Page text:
Sierra College welcomed high school CTE programs and students to their annual open house on Oct.4, where students are given the opportunity to meet professors, view skill demonstrations and discover a variety of different educational pathways Sierra has to offer.
“CTE day was phenomenal in a way that students can see what the college atmosphere is like [and] experience what [they would] be doing at the next level.” Mr. Bret Hunter, BITA (Building Industrial Technology Academy) teacher said.
Programs such as Mechatronics, Fashion Industries, Fire Technology, Administration of Justice and Human Development are all CTE educational opportunities available at Sierra College. Students from the STARS program, the Education pathway capstone course, got hands-on experience with the college level Human Development class Sierra offers.
“I’m actually going to Sierra College to continue [with] the STARS program. I really enjoy it, I love working with kids [and] the room there was really fun; it was really welcoming and right when [I] walked in I [felt] fulfilled,” Danae Jai said.
In the past, students attending the CTE open house were restricted to attending only one class, but this year, the schedule provided more flexibility.
“It was really neat because students ventured out to other departments. In the past they’ve just gone with me to child development. This year we checked out the nursing school with an emergency room simulation. It just [gave] students an opportunity to see what else is out there, especially with our program there’s so many avenues that they can go to work with kids so this [gave] them more of an opportunity to see those,” STARS and Childhood and Adolescent Development teacher Mrs. Jennifer Armas said.
CTE day also gave students an opportunity to figure out which educational pathways are not meant for them.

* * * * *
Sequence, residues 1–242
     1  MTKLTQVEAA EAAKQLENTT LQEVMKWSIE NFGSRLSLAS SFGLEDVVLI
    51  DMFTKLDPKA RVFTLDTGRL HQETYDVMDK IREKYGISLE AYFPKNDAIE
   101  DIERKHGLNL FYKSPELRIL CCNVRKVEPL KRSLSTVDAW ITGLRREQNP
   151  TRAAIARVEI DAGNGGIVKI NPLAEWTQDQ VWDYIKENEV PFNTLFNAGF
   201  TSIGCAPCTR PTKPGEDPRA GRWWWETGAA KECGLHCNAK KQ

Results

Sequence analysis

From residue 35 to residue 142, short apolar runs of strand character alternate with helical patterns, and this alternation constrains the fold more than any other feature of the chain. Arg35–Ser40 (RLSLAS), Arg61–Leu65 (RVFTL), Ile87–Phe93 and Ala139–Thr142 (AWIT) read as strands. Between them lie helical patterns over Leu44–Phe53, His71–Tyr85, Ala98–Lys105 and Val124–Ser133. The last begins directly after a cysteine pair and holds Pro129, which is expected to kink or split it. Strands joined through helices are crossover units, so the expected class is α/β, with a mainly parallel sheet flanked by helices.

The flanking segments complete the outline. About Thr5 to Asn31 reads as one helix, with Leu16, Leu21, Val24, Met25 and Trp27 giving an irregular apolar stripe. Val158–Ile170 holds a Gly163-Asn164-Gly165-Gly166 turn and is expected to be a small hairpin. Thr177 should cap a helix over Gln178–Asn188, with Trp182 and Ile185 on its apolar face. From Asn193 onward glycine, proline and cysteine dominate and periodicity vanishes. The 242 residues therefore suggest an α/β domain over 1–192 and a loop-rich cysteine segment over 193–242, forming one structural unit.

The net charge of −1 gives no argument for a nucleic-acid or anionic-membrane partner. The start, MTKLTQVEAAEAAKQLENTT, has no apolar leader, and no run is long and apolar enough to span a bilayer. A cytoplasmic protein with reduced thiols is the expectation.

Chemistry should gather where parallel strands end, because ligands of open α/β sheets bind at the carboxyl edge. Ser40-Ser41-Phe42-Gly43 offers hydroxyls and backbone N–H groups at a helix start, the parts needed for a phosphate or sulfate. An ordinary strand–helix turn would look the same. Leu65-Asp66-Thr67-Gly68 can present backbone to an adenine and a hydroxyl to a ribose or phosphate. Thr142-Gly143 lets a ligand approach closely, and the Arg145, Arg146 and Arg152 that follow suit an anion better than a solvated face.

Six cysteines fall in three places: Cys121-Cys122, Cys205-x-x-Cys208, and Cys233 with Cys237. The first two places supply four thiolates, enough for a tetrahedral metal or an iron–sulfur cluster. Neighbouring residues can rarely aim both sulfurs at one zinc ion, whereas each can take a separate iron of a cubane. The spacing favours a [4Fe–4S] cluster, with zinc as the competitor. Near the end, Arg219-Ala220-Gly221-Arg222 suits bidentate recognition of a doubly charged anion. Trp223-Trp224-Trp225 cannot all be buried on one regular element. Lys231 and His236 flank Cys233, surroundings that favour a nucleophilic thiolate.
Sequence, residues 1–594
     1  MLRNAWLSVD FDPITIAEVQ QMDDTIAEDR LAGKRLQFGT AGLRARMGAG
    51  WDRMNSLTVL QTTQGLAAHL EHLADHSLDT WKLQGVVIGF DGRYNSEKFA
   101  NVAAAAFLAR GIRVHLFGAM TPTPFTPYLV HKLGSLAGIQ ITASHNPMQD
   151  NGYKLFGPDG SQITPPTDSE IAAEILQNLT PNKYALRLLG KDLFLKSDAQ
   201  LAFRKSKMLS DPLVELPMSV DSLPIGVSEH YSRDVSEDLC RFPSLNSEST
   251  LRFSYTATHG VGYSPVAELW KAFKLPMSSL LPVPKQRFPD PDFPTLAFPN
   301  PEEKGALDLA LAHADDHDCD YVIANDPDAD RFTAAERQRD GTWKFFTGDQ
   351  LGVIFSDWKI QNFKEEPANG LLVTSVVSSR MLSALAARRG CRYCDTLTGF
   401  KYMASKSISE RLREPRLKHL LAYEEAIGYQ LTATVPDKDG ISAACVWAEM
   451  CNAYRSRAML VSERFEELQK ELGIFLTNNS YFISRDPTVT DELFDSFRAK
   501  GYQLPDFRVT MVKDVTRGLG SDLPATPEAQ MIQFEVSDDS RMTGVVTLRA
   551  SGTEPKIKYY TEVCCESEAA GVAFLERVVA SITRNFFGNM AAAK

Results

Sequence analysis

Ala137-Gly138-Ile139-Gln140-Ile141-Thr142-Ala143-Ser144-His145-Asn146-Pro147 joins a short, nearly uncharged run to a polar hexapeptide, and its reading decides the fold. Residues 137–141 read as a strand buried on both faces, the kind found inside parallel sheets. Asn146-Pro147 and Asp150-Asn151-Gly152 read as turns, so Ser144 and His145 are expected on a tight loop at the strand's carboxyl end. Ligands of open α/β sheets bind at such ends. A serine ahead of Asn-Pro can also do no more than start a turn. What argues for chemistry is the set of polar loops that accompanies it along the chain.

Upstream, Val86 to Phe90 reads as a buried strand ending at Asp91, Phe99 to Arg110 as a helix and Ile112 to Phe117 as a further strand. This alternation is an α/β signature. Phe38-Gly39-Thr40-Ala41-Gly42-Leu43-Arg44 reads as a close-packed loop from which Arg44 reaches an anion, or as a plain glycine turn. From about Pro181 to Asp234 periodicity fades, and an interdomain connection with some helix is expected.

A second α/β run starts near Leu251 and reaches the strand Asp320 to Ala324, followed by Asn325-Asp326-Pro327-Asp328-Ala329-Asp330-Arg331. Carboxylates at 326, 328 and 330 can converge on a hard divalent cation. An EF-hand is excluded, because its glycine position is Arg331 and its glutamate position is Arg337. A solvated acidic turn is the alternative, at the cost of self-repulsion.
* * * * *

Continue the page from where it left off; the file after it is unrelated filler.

“You only know what you know, so if you can branch out and see that there is a whole other world of opportunity out there, and you might go back to school thinking ‘This is really what I want to go into’ or ‘Maybe there’s something else that I might be more excited to do’,” Hunter said.
The community college option sometimes is overlooked in favor of a four-year school, but Armas encourages students to consider Sierra as a great resource.
“Students don’t acknowledge what a great resource Sierra college is for them, they have this negative connotation that it’s just this junior college, not only does it offer free tuition for the first two years, but the transition especially being local is so amazing. Why not get your undergrad done for cheap if not free, and then transfer to a school that you’d like to purse your upper graduate studies in,” Armas said.
Hunter, who also attended the CTE open house, built off that same idea.
“CTE Day change[d] perceptions on that not everything is a two- year or four-year track [in college] it could also be a skill certificate that would be equivalent to be able to make a living and move forward,” Hunter said.
Armas said, “If you are involved in any CTE program on campus I think you should go and see what Sierra has to offer.”
by Eliza Brown and Sofia McMaster